“This case has been a significant one for Forest & Bird. While we have not been able to prevent Denniston from being open-cast mined, we have made some good gains for conservation. If we hadn’t got involved, Bathurst wouldn’t be legally committed to creating the reserve. Most New Zealanders would still have never heard of the Denniston Plateau. And New Zealanders would be none the wiser in regards to the new animal species that were discovered on the plateau during the course of our campaign,” Debs Martin says.

Click for big version.

Map shows the naturally-occurring sandstone pavements of the Denniston Plateau, with the footprint of Bathurst’s open cast coal mine in red, and the boundary of the DPPA in green.


© Scoop Media

Parliament Headlines | Politics Headlines | Regional Headlines



Housing Issues: Homelessness On The Horizon For Baby Boomers

Baby Boomers who have held down jobs and contributed to the well-being of New Zealand through their taxes may yet become homeless in late middle age or early retirement without urgent Government action, says The Salvation Army. More>>


Treasury Has Doubts On Christchurch Rebuild And... Auditor-General Follows Up On EQC

Despite the improvements made, EQC could still learn better from complaints and improve its customer focus and interactions... Although the programme is nearing completion, EQC needs to provide the best service possible for the home owners whose homes are still to be repaired. More>>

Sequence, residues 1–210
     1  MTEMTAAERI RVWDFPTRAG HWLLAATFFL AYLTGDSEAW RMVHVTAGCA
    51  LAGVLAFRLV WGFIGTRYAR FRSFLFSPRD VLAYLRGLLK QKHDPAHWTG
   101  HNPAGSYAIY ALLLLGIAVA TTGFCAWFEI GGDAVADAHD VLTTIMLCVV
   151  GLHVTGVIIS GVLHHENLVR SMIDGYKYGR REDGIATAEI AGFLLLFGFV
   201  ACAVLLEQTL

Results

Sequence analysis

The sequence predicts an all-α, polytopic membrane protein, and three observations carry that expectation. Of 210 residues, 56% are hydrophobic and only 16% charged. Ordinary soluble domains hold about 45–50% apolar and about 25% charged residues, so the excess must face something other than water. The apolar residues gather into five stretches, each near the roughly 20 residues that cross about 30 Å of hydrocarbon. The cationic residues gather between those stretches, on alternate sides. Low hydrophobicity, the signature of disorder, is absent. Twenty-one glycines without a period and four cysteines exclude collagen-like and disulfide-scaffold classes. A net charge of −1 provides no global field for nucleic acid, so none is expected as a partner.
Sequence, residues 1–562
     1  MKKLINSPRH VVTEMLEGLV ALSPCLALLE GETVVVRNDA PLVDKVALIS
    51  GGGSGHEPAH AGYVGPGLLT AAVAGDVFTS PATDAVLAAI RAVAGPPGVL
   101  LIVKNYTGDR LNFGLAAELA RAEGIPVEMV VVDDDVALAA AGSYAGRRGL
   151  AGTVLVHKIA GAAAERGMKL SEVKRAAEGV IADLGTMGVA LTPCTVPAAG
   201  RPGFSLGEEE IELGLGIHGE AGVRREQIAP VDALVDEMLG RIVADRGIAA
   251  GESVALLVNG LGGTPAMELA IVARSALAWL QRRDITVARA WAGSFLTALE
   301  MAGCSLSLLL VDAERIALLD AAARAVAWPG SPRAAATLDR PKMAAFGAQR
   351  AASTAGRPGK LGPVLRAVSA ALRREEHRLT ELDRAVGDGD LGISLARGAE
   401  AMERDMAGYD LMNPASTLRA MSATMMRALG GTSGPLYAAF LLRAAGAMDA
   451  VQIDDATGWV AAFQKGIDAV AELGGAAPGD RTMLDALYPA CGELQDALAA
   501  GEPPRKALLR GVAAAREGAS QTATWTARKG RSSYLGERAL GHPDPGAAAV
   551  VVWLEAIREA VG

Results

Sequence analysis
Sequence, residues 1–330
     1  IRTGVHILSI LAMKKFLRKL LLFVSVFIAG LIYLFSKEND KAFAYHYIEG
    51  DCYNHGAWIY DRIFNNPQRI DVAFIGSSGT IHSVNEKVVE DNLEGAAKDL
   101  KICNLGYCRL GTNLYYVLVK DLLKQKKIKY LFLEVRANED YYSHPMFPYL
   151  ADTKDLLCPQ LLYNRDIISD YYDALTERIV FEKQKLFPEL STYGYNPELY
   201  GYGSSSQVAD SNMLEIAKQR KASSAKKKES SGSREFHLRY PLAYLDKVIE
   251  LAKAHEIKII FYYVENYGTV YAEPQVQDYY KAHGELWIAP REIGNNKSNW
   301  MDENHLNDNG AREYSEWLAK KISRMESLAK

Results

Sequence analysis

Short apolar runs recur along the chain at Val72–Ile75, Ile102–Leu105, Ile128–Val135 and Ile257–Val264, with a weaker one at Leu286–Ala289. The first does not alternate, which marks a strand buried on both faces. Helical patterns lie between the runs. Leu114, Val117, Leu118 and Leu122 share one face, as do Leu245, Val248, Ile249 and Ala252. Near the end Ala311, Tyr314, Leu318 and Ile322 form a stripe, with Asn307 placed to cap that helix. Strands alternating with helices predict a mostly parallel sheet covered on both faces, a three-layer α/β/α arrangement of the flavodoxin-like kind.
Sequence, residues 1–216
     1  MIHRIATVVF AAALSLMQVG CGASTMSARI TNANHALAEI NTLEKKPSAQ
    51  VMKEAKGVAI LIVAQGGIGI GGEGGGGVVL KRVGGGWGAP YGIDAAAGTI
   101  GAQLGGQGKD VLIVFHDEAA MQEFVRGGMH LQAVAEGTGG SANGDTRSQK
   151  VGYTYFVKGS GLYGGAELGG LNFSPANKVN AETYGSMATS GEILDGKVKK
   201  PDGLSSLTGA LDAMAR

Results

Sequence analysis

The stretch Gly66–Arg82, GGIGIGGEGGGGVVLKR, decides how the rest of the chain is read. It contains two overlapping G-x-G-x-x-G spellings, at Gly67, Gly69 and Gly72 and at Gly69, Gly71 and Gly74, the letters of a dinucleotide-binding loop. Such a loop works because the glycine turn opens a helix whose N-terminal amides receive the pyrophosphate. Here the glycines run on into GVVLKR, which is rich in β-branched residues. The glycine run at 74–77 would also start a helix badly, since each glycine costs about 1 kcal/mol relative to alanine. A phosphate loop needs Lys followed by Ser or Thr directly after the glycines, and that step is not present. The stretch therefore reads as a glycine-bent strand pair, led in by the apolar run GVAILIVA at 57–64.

Man Who Banned 'Into The River' Out The Door: Appointments To The Film And Literature Board Of Review

Internal Affairs Minister Peter Dunne has announced seven appointments to the Film and Literature Board of Review... “The new members of the Board... will provide a strong mix of skills and experience to help the Board carry out its functions, while representing a cross-section of society.” More>>


Climate Marches: New Zealanders March For Solutions Not Pollution

Ahead of the UN Climate Summit in Paris more than 15,000 New Zealanders have taken part in the Peoples Climate march in Auckland, kicking off the largest climate mobilisation the world has ever seen... More>>


Labour: Little Announces New Shadow Cabinet

“Labour had an impressive intake of fresh faces after last year’s election and newest MPs have now had a year to show what they’re made of. This reshuffle rewards hard work and continues my drive to renew our Caucus line up." More>>


Because Reasons: Someone Reckons David Seymour Is Politician Of The Year

Trans Tasman's 11th annual Roll Call has thrown a curve ball this year, ignoring the likes of John Key, Bill English, and Winston Peters to pick its politician of the year from the ranks of the new generation. More>>


Whaling: NZ Deeply Disappointed By Japan's Decision

“New Zealand is strongly opposed to whaling in the Southern Ocean. We call on Japan to take heed of the 2014 International Court of Justice decision and international scientific advice concerning their whaling activities.” More>>


Relevant Consents Gained: Government Unveils RMA Reform Package

The government has formally hauled down the flag on its attempts to alter the balance of environmental and economic priorities in the Resource Management Act, unveiling a 180-page Resource Legislation Amendment Bill containing reforms that have been largely endorsed by most political parties. More>>


Get More From Scoop



Search Scoop  
Powered by Vodafone
NZ independent news